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Local schools say far fewer students refusing state tests

By Tom Rivers, Editor Posted 11 April 2018 at 5:21 pm

Photo by Tom Rivers: The percentage of students who are refusing to take state assessments has dropped significantly at Holley Central School.

The tests aren’t nearly as lengthy and the student scores are no longer tied to teacher evaluations. Those might be big factors in why fewer students are refusing to take state tests.

Two years ago, all local schools had at least 20 percent of their students in grades 3 to 8 “opt out” of taking state assessments for math and English language arts.

Today was the beginning of the testing for the ELA assessments. Those tests used to be over three days. Now they are over two days with the tests taking about 90 minutes each day, although students aren’t under a time limit as long as they are working productively. The math tests follow next week for some schools.

Lyndonville had 8 percent of its students, 17 out of 212, refuse the tests today. Last year it was closer to 25 to 30 percent, said Jason Smith, the district superintendent.

“As a school district, we have tried to not make these tests stand out as anything special, just another way to measure student progress, like any other assessment,” Smith said. “The tests are important, we don’t discount that, but we also tried hard to not elevate either, as we want students to take these tests to see where we are doing well and where need to improve.”

Holley has had the highest refusal rate among the Orleans County districts, topping 40 percent in 2015, and then 36 percent for Math and 32 percent for English in 2016. Today the district had near 90 percent participation, said Karri Schiavone, the elementary school principal.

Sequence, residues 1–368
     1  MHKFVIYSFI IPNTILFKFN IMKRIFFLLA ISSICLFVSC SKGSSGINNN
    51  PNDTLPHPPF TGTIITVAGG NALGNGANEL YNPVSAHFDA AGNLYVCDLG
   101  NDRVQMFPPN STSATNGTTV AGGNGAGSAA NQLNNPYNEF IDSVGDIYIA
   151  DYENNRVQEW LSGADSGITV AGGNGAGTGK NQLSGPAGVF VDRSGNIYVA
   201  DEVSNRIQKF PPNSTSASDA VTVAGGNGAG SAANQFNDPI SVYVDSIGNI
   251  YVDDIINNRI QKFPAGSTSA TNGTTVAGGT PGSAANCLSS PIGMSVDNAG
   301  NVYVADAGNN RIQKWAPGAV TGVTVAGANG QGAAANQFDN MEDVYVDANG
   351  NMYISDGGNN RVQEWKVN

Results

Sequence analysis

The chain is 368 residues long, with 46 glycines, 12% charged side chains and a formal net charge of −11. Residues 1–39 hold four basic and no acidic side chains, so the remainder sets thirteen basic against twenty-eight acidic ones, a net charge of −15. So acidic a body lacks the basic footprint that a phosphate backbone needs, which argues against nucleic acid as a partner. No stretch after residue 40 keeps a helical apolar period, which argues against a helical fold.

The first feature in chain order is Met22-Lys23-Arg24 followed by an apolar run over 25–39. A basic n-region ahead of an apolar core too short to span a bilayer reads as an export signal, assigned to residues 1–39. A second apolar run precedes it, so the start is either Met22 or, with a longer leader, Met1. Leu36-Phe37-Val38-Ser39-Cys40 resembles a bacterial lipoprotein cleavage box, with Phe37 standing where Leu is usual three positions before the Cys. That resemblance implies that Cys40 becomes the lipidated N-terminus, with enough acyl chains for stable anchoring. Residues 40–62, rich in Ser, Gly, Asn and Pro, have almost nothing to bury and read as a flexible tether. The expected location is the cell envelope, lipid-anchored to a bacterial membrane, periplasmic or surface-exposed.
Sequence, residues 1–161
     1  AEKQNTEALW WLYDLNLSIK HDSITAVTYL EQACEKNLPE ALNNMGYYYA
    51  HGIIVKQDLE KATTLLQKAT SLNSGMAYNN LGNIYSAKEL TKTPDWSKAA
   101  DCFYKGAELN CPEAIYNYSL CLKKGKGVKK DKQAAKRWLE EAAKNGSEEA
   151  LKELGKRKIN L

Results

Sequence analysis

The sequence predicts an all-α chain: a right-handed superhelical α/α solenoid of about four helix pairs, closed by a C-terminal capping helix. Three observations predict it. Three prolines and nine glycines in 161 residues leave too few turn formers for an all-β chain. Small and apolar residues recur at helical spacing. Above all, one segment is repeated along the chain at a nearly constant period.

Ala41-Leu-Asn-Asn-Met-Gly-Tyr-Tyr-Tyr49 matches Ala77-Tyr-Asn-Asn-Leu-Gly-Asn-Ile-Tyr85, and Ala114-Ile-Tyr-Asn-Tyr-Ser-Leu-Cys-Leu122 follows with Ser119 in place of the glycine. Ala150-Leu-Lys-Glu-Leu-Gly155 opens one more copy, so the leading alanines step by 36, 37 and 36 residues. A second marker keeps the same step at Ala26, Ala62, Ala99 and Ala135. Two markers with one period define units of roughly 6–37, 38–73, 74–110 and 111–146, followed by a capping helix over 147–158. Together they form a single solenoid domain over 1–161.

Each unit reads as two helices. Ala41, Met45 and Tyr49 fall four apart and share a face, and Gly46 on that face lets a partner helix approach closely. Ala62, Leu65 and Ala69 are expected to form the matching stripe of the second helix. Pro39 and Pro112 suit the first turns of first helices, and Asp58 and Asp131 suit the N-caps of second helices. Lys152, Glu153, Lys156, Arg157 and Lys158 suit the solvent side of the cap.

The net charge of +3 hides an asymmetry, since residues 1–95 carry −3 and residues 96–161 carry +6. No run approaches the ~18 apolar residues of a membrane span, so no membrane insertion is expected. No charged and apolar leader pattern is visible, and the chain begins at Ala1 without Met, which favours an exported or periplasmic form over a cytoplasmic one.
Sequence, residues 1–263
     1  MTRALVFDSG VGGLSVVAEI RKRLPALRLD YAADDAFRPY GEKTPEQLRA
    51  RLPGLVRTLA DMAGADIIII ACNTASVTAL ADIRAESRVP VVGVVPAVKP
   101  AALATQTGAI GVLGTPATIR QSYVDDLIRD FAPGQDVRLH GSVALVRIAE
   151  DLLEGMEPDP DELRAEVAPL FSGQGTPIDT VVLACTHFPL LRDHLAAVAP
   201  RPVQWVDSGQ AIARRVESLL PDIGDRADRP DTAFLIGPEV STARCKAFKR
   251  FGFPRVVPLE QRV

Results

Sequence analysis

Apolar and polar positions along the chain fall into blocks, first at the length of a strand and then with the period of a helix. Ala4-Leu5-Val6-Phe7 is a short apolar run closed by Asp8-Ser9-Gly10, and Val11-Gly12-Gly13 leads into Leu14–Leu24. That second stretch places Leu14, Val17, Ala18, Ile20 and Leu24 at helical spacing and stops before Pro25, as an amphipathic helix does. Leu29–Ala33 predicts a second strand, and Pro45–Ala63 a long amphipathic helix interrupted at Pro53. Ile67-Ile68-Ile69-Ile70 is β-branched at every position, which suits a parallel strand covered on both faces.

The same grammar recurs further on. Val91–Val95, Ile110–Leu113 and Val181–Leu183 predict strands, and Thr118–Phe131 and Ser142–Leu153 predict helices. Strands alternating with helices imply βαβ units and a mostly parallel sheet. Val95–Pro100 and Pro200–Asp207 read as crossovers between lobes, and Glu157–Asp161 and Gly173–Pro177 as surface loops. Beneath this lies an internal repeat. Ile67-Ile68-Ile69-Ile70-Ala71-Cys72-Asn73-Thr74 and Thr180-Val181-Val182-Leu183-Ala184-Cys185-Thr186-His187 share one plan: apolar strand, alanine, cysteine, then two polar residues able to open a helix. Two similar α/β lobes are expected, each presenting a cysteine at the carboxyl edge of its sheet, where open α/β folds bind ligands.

Medina had about 10 percent of the students refuse the tests, while Kendall was less than 15 percent and Albion was 14 percent, according to school superintendents at those districts.

The students who refuse the tests aren’t penalized. They typically stay in the classroom and have reading materials.

Here are the opt out rates for the districts in 2015:

• Albion, 29.0 percent for Math; 22.0 percent for ELA

• Holley, 43.0 percent for Math; 40.0 percent for ELA

• Kendall, 34 percent for Math; 30 percent for ELA

• Lyndonville, 26 percent Math; 19 percent for ELA

• Medina, 30 percent for Math; 21 percent for ELA

These are the rates for 2016:

• Albion, 21 percent Math; 21 percent ELA

• Holley, 36 percent Math; 32 percent ELA

• Kendall, 23 percent Math; 23 percent ELA

• Lyndonville, 29 percent Math; 29 percent ELA

• Medina, 25 percent Math; 23 percent ELA

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